Price paid: £ 15
Purchased from: Hooters (Watford)
Sound — 9
I use identical Shubb C1 capos on my electric (Yamaha SG1500) and steel strung acoustic (Yamaha APX-5). It really helps when accompanying different vocalists who sing in different keys, but can also significantly alter the harmonic|tone of the instrument, much like alternative open tunings. As referred to below, always check your tuning when using a capo - that's any capo, not just the Shubb! As far as the sound goes, you may well find different 'natural' harmonic changes and sweet spots when using a capo.
Overall Impression — 10
So, in conclusion we have what is a very basic tool, but beautifully implemented, and a relatively cheap, convenient way to really add an extra dimension to your sound, as well as a great blag if you audition or work in a situation where "different" keys are in use! Prior to purchasing, I tried several different makes and models but the quality, size and ease of use made the Shubb an easy choice. I'm so impressed I have two of them, and would have to replace instantly if one went missing. If only I could double up on all my gear!
Reliability & Durability — 10
The unit is fabulously well made - no sharp edges anywhere, the slightly curved face is dressed in really good quality rubber, just firm enough to clench your strings to the neck, with just enough 'give' to clench nicely! And in high spec stainless steel, it never feels under any strain at all. Unlike some of the larger models, the Shubb is genuinely pocket-sized and can be stuck in a shirt / jeans pocket when not in use. The beautiful construction can add a slight weight factor, especially on an acoustic. For me that's not been an issue, but in any Shubb have covered this by marketing their L1 (aluminum) version. Consider this if you are capoing on a very lightweight guitar. An important feature is the speed which one can deploy the Shubb. It really is close to instant, as is the time taken to release it. Particularly useful in a gig situation. I'd go as far to say you could use it to 'cheat' a key change as long as you had about a bar of music to make the change! That's notwithstanding the following - whichever capo you get (you are going to get one now, aren't you?) do not assume your perfectly tuned open strings will remain in tune with the capo in place. Always, always, always retune when you add, move, or release the capo. Always!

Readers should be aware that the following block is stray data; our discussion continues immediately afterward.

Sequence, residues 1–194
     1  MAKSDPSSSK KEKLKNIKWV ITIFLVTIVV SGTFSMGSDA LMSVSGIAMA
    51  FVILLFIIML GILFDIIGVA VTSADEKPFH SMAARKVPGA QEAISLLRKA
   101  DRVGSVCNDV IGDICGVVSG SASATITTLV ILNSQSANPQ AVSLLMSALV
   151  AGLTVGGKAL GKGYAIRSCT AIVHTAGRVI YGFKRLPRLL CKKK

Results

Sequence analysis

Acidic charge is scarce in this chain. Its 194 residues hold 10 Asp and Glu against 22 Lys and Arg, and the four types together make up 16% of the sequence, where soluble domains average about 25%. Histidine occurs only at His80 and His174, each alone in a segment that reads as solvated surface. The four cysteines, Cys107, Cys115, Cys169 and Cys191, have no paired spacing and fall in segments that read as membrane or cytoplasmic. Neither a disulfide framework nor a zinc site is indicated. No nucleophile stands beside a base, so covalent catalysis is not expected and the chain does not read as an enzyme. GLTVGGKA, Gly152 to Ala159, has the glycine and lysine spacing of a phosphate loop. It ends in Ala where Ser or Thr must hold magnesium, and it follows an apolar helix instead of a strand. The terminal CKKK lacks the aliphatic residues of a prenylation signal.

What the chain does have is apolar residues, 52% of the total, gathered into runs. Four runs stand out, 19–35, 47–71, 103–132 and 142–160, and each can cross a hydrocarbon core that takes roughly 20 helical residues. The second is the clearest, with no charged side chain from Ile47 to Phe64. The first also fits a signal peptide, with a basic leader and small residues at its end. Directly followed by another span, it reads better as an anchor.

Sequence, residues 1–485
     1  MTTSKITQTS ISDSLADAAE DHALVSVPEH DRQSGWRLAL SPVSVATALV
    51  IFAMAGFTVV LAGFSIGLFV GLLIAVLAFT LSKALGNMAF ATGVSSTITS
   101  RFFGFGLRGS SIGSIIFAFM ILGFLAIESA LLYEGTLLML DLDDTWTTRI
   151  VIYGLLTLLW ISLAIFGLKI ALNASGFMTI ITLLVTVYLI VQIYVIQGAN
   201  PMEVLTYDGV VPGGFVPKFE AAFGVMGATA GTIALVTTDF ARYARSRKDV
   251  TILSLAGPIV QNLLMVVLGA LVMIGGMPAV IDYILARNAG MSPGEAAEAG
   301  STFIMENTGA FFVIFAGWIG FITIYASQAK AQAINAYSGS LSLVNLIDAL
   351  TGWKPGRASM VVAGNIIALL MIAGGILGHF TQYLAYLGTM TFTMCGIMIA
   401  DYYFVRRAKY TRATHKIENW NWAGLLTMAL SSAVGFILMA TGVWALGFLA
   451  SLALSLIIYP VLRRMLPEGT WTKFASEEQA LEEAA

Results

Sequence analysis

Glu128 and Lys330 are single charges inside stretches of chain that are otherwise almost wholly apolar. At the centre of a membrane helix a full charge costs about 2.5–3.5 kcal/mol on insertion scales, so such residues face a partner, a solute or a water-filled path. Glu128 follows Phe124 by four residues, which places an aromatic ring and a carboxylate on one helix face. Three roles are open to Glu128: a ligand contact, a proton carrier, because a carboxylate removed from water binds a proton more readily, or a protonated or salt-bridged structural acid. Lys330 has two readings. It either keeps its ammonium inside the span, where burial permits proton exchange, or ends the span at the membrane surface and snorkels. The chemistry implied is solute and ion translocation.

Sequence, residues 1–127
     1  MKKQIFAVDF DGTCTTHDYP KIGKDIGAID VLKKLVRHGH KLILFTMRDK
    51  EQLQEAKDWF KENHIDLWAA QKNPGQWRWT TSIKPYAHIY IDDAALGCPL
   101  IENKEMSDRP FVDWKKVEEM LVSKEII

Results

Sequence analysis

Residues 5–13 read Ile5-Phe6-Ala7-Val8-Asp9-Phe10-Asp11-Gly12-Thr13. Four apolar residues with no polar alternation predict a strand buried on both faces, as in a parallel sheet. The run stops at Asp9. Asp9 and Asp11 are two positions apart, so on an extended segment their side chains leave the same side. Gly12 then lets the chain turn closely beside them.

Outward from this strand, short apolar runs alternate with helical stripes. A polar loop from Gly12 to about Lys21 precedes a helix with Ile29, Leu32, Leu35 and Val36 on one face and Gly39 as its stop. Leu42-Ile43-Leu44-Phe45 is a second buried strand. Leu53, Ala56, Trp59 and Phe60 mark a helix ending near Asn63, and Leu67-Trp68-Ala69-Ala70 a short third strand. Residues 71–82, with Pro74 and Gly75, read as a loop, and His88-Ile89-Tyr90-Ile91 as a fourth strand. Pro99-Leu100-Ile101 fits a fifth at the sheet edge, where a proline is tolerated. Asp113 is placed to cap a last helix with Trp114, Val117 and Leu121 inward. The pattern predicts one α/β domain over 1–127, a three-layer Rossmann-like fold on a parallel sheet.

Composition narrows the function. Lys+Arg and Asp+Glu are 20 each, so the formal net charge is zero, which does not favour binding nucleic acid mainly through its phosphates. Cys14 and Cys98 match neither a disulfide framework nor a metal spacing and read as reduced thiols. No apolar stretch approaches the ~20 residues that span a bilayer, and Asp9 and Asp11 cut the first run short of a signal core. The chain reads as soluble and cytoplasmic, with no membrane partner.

Ease of Use — 10
OK it's not a guitar effect as such, but if you don't use a capo you might find it's more use than a lot of that digital baloney many of us have at our feet. Blues musicians used to call capos 'cheaters' and they meant it ironically. Glenn Campbell maintained it was his passport to loads of his session work. In either case it gave instant to access alternative keys depending on the vocalist/accompaniment, and also, in extremis, the sound of the instrument itself can be altered radically. In the 80's Johnny Marr made the capo a staple of many of The Smiths' seminal recordings, giving him even more jangle as he blistered away behind Morrissey. He probably came to use one via his studies of Bert Jansch, late great doyenne of UK folk guitar. So... The capo's credentials established, why the Shubb? For me, the standard C1 is so durable and easy to use. It can be adjusted almost instantly by tightening one knerled screw to accommodate different guitars and / or different neck positions.